Yongsan celebrates opening of two new U.S.-operated high-rises
By JEREMY KIRK | STARS AND STRIPES Published: June 30, 2004
YONGSAN GARRISON, South Korea — Base officials celebrated the opening of two South Korean-funded housing towers Monday — just two years before U.S. forces are to move out of Seoul.
The five-story Lloyd L. Burke Towers, with three-, four- and five-bedroom units, are the first new family residences in Area II since 1985, said Col. Timothy McNulty, the Area II and 34th Support Group commander. They also represent some of the Army’s most modern housing, with barbecue areas, a basketball court, balconies, underground parking and an intercom security system, officials said.
“I must say this is an awesome complex,” McNulty said.
South Korea funded the $24 million towers through the host nation-funded construction program. Under that, South Korea bears some of the cost of maintaining infrastructure for U.S. forces stationed here.
The towers are named after a Korean War Medal of Honor recipient who also fought in World War II and Vietnam. As a first lieutenant, Lloyd L. Burke of the 1st Cavalry Division killed about 100 enemy soldiers while advancing on a position near Chong Dong, Korea, in October 1951, officials said.
Also on hand was Geoffrey G. Prosch, acting assistant secretary of the Army for installations and the environment, who is on a three-day visit to South Korea. “It’s an outstanding facility,” he said.
Air Force Lt. Col. Jim McGinn and his wife, Cathy, got a first-floor, five-bedroom place in the left tower. The spacious apartment — decked out with new Army furniture and some of the family’s own — includes three full bathrooms and is about the same size as their home in North Carolina, Cathy McGinn said.
There’s a reason: They have six children. The couple raved about their new apartment. They’ve already placed a wooden “There’s no place like home” sign over the door.
“We never thought we’d have a place this nice in our military career,” said Jim McGinn, an F-15E pilot now assigned to the U.S. Embassy.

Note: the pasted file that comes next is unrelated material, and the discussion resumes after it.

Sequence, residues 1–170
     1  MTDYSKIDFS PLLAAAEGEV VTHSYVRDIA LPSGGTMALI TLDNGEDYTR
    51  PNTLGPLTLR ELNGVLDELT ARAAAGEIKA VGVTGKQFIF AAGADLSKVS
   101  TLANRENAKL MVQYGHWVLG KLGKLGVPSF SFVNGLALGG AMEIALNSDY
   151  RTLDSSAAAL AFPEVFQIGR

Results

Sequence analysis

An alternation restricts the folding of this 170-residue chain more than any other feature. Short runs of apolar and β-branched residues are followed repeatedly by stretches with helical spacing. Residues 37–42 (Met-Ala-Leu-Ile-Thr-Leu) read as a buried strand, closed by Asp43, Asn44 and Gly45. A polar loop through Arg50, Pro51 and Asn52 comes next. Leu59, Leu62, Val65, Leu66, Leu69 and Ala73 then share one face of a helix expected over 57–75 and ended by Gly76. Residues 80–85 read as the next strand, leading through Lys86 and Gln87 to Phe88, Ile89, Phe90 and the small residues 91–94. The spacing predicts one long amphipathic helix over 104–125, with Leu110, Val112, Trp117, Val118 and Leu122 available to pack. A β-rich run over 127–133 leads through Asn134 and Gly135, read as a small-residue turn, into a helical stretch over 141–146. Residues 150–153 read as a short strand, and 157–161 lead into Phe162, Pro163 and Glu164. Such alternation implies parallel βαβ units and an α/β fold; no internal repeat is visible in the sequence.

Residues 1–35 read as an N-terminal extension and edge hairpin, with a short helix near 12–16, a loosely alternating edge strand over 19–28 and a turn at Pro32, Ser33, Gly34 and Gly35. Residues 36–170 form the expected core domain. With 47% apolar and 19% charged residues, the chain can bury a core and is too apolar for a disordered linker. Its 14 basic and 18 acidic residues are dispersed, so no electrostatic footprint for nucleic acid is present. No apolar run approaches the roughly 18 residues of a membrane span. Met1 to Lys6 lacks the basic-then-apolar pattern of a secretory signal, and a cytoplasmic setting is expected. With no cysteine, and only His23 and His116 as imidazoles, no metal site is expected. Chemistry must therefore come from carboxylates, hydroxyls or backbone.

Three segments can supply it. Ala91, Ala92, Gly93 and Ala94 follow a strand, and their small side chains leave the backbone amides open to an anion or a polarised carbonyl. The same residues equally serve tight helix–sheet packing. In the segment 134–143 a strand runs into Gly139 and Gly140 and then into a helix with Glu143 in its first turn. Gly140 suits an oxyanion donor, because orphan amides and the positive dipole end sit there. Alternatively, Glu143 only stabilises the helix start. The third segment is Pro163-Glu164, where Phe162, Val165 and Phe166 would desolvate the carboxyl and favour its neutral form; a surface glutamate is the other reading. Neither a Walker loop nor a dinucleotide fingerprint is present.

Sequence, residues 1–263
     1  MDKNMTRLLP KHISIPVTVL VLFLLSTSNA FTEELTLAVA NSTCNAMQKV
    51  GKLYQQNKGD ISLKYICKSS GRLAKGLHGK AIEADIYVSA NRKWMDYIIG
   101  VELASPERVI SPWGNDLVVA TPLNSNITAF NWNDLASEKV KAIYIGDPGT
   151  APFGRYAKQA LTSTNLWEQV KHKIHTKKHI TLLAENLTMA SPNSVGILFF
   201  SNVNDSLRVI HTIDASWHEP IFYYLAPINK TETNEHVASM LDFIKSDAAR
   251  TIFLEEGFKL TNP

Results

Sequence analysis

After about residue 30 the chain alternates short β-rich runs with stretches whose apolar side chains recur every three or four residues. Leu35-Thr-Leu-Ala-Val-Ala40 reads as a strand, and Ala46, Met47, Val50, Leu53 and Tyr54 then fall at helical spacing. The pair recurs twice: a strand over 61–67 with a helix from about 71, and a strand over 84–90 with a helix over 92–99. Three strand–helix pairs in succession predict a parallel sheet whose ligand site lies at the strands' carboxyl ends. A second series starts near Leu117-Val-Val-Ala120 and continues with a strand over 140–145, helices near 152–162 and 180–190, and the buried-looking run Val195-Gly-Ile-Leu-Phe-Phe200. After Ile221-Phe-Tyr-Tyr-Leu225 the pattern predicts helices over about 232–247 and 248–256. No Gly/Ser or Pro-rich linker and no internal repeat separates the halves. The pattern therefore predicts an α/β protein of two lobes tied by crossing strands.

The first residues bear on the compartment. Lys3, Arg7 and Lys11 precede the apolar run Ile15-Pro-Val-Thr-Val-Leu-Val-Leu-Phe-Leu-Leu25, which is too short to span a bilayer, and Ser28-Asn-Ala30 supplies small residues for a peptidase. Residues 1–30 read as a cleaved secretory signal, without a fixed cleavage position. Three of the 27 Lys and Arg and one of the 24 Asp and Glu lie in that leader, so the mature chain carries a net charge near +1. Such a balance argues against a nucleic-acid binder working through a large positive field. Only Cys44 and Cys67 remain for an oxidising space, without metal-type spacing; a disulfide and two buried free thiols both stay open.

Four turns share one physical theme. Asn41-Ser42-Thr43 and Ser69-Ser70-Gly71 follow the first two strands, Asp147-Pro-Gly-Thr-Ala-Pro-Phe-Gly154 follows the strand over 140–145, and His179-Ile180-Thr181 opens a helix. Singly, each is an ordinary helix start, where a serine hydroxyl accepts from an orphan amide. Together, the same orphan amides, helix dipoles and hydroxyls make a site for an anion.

Throughout the towers, apartments feature high ceilings and wide front windows that admit much natural light. The McGinns' unit has two porches, one each off the living room and master bedroom.
Each high-rise has one 1,978 square-foot, five-bedroom unit. The towers also have a total of 18 four-bedroom apartments at 1,762 square feet each and 40 three-bedroom places at 1,573 square feet. About 40 apartments are occupied; the rest should be filled by mid-July, McNulty said.
Each unit has an assigned parking spot and storage area. Elevators run down to the parking garage. Each unit is equipped with gas dryers and stoves along with a heating and cooling system that allows tenants to have direct control over the temperature in their apartment.
The apartments have a mix of American and Korean-made components, said Cho Kang-Muk, president of Pumyang Construction Co. Ltd., the contractor for the project, which started construction in April 2002.
The wood flooring and sinks came from the United States, while the wood-finish cabinets were made in South Korea, Cho said. Cho said the construction was difficult, but his firm worked closely with the Army Corps of Engineers.
The project was almost never started after wide opposition arose in 2001 to the Army’s plan for 21 new high-rise buildings with a total of 1,066 apartments. Civic groups feared high-rises would spoil Seoul’s skyline; others maintained the U.S. military should vacate Yongsan Garrison altogether.
The U.S. military said it needed new housing to compensate for deteriorating buildings and servicemembers who dreaded a tour in South Korea because the facilities were so bad. Two buildings were approved for construction but the rest of the project was scrapped in 2002.
The U.S. military now has been focusing its efforts on Camp Humphreys, where most of the troops likely will be relocated when Yongsan Garrison is vacated. The U.S. and South Korean governments have said forces will move out of Yongsan by 2007, but funding the move and land allotments remain sticking points.